Linear regression was used to analyze the trend of injuries over the 6-year period. The equation of the regression line was also calculated. How well this equation describes the data is expressed as a coefficient R 2 (R-squared): the closer R 2 is to 1.00, the better the line fits the data (LabWrite, NC State University, 2004). All analyses were performed using Analyse-it for MS Excel Method Validation Edition (version 3.90.5), 2014 (Analyse-it Software, Ltd., Leeds, UK).
Considering the duration of the study and the complexity of applying long-term training protocols to a professional team, we will present not only the variations in stability between the bienniums but also the annual variations, to better understand how the methodology becomes progressively more effective.
Static Single Stance Test
Considering the 6 trials of a test, PIxy was calculated for EO (indicator of postural control) and for EC (indicator of proprioceptive control) from the following combinations of trials: the average between the 2 limbs of EO trials and the average between the 2 limbs of the better EC trial for each limb (37). The variations in proprioceptive control and postural control are shown in Figure 2. Comparing the first test with the best test of the season, postural control improved significantly (p < 0.001) in each of the 4 seasons with the proprioceptive training proposals based on quantifiable high-frequency instability. Instead, the improvement in proprioceptive control was not significant in the first season (2006–2007) but became significant in each of the following 3 seasons.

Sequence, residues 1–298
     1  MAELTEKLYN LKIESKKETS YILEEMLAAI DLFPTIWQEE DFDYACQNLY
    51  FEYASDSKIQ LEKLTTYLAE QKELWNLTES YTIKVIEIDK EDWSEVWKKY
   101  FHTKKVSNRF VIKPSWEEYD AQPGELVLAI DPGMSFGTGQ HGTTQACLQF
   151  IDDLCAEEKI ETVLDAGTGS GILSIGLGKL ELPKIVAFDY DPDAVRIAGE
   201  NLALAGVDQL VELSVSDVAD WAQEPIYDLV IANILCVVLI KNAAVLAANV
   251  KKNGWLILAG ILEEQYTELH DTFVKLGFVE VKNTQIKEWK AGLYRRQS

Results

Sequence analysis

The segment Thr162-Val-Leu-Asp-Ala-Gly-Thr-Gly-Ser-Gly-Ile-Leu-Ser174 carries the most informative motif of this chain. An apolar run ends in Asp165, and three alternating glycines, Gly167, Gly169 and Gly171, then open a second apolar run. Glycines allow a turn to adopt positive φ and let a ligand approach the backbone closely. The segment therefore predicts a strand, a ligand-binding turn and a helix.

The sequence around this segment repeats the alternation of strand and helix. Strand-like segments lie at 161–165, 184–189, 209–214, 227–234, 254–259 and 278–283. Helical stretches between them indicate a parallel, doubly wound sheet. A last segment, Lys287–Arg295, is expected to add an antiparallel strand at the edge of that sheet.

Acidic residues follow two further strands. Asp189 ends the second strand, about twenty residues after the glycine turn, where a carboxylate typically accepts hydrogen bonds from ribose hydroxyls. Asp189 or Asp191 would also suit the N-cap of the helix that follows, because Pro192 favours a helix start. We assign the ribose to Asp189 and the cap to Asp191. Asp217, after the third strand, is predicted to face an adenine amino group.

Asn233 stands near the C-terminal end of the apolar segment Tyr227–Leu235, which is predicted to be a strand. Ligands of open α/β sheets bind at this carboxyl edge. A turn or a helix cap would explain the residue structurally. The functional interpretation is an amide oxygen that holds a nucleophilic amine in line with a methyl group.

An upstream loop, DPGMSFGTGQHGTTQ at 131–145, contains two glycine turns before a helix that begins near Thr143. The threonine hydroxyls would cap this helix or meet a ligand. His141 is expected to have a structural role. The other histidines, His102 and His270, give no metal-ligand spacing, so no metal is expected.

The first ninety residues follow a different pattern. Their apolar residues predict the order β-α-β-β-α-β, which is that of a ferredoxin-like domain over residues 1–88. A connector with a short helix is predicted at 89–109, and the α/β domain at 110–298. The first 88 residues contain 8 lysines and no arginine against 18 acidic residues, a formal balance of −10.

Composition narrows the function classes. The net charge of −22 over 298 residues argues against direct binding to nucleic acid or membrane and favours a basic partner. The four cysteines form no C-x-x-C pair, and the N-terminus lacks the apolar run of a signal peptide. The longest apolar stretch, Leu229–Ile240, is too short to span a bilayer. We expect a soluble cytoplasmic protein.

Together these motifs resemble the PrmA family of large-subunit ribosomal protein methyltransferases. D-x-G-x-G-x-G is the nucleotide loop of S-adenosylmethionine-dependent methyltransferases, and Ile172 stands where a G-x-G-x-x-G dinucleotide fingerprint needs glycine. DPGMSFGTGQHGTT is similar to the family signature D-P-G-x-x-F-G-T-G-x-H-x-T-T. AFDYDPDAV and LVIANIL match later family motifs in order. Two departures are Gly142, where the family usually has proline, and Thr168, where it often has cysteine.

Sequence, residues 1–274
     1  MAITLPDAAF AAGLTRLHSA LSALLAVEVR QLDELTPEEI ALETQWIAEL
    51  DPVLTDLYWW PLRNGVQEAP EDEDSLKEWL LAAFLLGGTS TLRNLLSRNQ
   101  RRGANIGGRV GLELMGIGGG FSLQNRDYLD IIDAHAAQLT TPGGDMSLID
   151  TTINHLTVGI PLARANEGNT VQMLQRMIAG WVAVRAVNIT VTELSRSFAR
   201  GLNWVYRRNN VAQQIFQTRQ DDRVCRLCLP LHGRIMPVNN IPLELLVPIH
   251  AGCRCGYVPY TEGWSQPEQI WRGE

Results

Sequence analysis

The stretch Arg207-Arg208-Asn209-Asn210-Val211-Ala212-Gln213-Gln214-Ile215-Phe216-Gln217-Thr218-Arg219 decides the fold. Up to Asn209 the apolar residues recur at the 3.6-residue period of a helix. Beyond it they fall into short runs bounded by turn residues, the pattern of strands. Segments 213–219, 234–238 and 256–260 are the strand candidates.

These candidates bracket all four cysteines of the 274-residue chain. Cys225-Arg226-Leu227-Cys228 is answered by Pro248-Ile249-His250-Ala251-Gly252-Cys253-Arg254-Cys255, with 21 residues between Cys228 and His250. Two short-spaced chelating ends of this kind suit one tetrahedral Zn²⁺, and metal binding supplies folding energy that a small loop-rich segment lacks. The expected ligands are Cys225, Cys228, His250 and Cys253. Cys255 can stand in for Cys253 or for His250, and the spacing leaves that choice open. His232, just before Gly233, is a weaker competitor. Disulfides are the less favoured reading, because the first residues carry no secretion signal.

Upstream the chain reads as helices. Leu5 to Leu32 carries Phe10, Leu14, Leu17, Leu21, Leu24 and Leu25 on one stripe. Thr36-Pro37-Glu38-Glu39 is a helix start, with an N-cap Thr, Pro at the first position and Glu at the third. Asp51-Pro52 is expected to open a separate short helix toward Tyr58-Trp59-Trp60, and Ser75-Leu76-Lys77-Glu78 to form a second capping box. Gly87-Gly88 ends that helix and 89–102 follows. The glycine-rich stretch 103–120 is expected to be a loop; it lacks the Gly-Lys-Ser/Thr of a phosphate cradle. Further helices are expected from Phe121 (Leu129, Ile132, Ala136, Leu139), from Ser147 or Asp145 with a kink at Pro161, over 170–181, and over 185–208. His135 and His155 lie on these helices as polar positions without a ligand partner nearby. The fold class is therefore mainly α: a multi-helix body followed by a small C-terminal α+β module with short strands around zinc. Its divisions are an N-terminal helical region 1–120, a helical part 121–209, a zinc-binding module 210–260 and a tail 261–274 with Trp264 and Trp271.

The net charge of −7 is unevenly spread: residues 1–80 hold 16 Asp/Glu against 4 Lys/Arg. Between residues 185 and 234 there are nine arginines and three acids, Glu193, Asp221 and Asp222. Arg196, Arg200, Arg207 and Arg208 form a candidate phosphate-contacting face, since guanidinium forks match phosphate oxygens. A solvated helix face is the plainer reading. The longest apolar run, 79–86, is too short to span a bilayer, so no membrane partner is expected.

Comparing the first test of all new entries of the last 4 years with the best test of the second biennium (Figure 3), both proprioceptive control and postural control improved significantly (p < 0.005 and p < 0.001, respectively). In the third biennium, there was a further improvement with respect to the second biennium. The increase became highly significant for both proprioceptive and postural controls (p < 0.001). In the third biennium, proprioceptive control improved by 72.2% and postural control by 50% with respect to the level of all new entries of the last 4 years (both p < 0.001).
New Entries vs. Veterans